I understand your feelings. Nobody likes to see their young child hurt in any way. While the other mother sounds like a b--ch I think you are teaching your son that you will solve all his problems and that can be a problem for boys (my boys are 14, 12, 9).

He is a boy. Boys who have their mothers fight their battles for them are setting themselves up to be victims of other boys as they get older.

Perhaps the WAY you teach your son to deal with these problems can be changed so that he feels empowered to handle them on his own after talking with you, as opposed to having you try to handle them for him.

It is a subtle distinction but it makes a difference. You always want your kids to be comfortable coming to you for help, especially as they get into middle/high school. However, the type of help you offer can change slightly. You can help him think of options that HE can implement. You can communicate with teachers with his input. I just caution you about approaching other parents to solve problems FOR your child as opposed to having him try to solve the problem on his own.

You are a concerned parent and that will serve your son well as he gets older.
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Old 12-16-2008, 07:56 AM
 
Location: Finally back "home" in Ohio
620 posts, read 1,950,575 times
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First, I am a teacher ( taking a year off) and a parent of three boys. I will give you just my opinion on the situation. Take it for what its worth .

Quote:
Originally Posted by mommytotwo View Post
I told him that he must never put a hand on another child. He is to keep his hands to himself at all times. If another child suggests such an idiotic game again that is going to involve them touching each other, then he needs to tell the other kid that he is not playing that kind of game. And to stop fooling around in the hallway.
You did a great thing here by going over the school rules and reminding your son to keep his hands to himself. Many students need this reminder over and over again!


Quote:
Originally Posted by mommytotwo View Post
"You scratched my friend", and my son said he didn't, and the kid said The teacher told this boy to stop, that he had been very bad this week, and if he was bad again she was going to have a talk with his mother because she "knows his mother".
This is where it gets a little one sided. You are hearing your son's version of the story. It bothers me because I really doubt a teacher would say,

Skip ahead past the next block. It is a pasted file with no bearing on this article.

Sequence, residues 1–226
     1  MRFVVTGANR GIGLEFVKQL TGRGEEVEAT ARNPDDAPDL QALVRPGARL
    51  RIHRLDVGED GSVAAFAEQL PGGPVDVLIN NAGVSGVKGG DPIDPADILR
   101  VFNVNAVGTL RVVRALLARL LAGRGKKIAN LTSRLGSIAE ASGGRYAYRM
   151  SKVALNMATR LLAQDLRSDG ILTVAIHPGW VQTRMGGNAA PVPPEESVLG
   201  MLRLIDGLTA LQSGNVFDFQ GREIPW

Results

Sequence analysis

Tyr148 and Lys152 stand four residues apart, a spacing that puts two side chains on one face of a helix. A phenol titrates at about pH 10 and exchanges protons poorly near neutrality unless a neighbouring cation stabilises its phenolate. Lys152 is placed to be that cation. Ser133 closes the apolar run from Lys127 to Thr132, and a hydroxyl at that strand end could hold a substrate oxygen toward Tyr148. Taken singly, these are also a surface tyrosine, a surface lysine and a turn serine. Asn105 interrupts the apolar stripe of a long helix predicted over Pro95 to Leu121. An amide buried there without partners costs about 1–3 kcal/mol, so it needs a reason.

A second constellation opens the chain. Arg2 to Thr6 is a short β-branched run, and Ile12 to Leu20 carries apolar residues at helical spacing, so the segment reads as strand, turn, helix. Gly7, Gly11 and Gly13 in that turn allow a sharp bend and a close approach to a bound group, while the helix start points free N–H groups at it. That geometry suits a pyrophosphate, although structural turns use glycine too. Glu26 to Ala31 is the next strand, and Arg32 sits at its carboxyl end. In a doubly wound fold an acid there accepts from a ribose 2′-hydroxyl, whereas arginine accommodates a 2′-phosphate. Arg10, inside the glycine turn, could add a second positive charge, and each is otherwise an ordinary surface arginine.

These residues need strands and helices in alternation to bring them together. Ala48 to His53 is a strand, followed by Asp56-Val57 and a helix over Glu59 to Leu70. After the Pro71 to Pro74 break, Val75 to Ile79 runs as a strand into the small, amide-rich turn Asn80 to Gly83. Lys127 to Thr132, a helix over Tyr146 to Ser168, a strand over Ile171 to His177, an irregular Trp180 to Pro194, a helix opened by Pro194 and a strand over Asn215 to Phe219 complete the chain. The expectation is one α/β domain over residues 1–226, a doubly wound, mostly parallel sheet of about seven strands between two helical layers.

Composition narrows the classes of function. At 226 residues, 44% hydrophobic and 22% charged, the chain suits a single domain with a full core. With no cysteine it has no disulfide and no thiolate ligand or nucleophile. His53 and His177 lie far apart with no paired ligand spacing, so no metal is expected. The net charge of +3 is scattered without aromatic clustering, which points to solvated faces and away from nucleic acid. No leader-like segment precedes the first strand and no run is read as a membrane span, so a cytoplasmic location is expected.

" You have been bad to a student. " I think there was probably more to the story. Doesn't the teacher know all parents especially by this time of year? To me it sounds like , you already got upset with your son for touching another child and he was adding some stuff to save face.




Quote:
Originally Posted by mommytotwo View Post
Anyway, I approached the lady very nicely, introducing myself, then my son and I told her the story.
Its sounds like you came up to the lady at dance. She was probably embarrassed about the situation, especially if others were around and heard. Also, she might have felt this was a "school" matter and you were at dance confronting her. I know you might have not thought that way, but she might have been thrown off guard. Possibly,she felt that she had to defend her son because she didn't even know about it especially if the TEACHER didn't tell her about the situation.




Quote:
Originally Posted by mommytotwo View Post
Anyway, I was really pissed at this woman's apparent lack of concern about her son's bratty behavior.
Its possible that the parent was thinking that the teacher didn't contact her so it wasn't something to be concerned about.


I don't think you did the "right" or "wrong" thing. You did what you felt what was best during that particular moment. Sometimes, when we step back we can see there is a bigger picture. Just so you know, this wont be the last time you will probably deal with situations like this. I have three boys 17,13, and 2.

As a teacher and parent, I personally think you should have talked to the TEACHER directly. Even if you sent a note to acknowledge that you spoke to YOUR son about playing that game. He is very very lucky that he did not get into more trouble at school and that the child's parent that was injured didn't CONFRONT you. I do know though...kids do silly things like this especially at that age. ( I did my student teaching with second graders.)